Servant of the servants of God

From Wikipedia, the free encyclopedia
Jump to navigation Jump to search
The 1570 bull Quo primum of Pope Pius V in a Roman Missal. Below the name of the pope Pius Episcopus (Pius Bishop) appears his title Servus servorum Dei. Not all papal documents begin in this way, but bulls do.

Servant of the servants of God (Latin: servus servorum Dei)[1] is one of the titles of the pope and is used at the beginning of papal bulls.[2]


Pope Gregory I (pope from 590 to 604) was the first pope to use this title extensively to refer to himself as Pope,[3] reportedly doing so as a lesson in humility for the Archbishop of Constantinople John the Faster, who had been granted the title "Ecumenical Patriarch" by the Byzantine Emperor: the humble title "Servant of the Servants of God" countervailed the other's claim of power and eminence against the Bishop of Rome (the pope). Some of Pope Gregory's successors used the phrase off and on for some centuries, but they did so regularly only from the 9th century. At times, some civil rulers also used this title, but after the 12th century it came to be used exclusively by the Pope.

Biblical background[edit]

This papal title also has a biblical background found in the Gospel according to Saint Matthew, chapter 20, verses 25 to 27:

25. But Jesus called them unto him, and said, Ye know that the princes of the Gentiles exercise dominion over them, and that they exercise great authority upon them.
26. But it shall not be so among you: but whosoever will be great among you, let him be your minister;
27. And whosoever will be chief among you, let him be your servant.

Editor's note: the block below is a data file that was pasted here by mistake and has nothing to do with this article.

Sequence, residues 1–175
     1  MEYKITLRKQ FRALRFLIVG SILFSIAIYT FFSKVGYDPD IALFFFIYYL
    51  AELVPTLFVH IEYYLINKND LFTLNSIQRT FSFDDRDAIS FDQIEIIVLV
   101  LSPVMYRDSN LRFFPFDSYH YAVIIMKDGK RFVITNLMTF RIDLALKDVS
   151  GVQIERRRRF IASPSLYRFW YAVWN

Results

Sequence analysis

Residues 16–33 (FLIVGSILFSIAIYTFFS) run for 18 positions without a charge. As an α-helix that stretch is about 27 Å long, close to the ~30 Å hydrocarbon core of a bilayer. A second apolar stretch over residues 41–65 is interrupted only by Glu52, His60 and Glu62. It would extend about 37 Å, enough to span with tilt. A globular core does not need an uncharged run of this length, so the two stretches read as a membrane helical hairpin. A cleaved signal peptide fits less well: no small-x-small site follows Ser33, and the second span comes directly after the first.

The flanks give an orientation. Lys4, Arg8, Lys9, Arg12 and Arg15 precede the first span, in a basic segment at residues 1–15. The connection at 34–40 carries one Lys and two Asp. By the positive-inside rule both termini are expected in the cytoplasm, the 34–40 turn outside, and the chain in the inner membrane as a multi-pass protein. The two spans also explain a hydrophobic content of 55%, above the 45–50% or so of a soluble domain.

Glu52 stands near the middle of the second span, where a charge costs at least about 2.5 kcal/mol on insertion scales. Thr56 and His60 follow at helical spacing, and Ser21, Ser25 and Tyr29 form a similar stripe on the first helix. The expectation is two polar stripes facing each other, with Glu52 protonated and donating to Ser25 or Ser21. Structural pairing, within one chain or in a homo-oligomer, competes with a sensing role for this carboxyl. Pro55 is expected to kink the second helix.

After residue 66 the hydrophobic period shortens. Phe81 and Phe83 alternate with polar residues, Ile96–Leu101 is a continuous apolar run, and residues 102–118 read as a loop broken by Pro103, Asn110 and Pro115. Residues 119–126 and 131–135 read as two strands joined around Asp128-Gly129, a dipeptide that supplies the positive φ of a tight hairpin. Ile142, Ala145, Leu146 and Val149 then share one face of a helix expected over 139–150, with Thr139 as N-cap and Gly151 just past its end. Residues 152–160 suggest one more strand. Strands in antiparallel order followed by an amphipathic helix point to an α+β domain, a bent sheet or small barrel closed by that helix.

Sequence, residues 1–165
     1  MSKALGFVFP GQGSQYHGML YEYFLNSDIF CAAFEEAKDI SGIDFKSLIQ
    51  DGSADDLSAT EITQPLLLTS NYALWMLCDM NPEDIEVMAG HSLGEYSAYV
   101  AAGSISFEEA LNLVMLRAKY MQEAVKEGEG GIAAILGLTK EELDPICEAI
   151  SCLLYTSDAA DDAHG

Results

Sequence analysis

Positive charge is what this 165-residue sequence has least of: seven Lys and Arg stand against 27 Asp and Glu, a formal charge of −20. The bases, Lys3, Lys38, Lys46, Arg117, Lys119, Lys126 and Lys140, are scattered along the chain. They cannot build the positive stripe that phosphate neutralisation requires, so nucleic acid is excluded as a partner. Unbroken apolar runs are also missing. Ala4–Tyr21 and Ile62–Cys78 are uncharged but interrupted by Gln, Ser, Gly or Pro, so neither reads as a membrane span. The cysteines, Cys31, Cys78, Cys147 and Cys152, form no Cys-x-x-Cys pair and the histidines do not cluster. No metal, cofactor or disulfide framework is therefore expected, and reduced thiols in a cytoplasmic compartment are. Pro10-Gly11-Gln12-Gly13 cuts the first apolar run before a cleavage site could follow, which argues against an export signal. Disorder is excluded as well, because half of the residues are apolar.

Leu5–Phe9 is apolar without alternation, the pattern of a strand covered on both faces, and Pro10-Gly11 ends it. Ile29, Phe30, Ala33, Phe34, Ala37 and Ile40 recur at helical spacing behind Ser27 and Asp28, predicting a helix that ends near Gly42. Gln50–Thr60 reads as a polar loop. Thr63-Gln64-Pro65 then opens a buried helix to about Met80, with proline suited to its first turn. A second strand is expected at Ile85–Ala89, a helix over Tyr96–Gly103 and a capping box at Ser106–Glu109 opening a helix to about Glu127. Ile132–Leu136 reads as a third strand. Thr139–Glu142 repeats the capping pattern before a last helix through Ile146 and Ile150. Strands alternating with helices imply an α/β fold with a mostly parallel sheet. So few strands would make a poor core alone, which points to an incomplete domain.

• Camillo Ruini (2007). Alla sequela di Cristo : Giovanni Paolo II, il servo dei servi di Dio [Imitating Christ: John Paul II, the servant of the servant of God] (in Italian). Siena: Cantagalli. p. 103. ISBN 9788882722982. OCLC 238896950 – via[4][5]


  1. ^ Gabriel Adeleye, Kofi Acquah-Dadzie, Thomas J. Sienkewicz, World dictionary of foreign expressions: a resource for readers (1999) "Servus servorum Dei", p. 361.
  2. ^ Ian Robinson The papal reform of the eleventh century p326 - 2004 "Gregory bishop, servant of the servants of God, to the archbishops, bishops , dukes, counts and the greater and lesser men in the kingdom of the Germans, greeting and apostolic blessing."
  3. ^ Herbermann, Charles, ed. (1913). "Servus servorum Dei" . Catholic Encyclopedia. New York: Robert Appleton Company.
  4. ^ Referenced by Istituto per le scienze religiose (2007). Cristianesimo nella storia (in Italian). 28 (2nd ed.). Bologna: EDB. p. 507. OCLC 145362164 – via Google snippet.
  5. ^ George Weigel (September 14, 2010). The end and the beginning : Pope John Paul II : the victory of freedom, the last years, the legacy. New York: Crown Publishing Group- Doubleday. p. 556. ISBN 9780307715869. OCLC 688480029.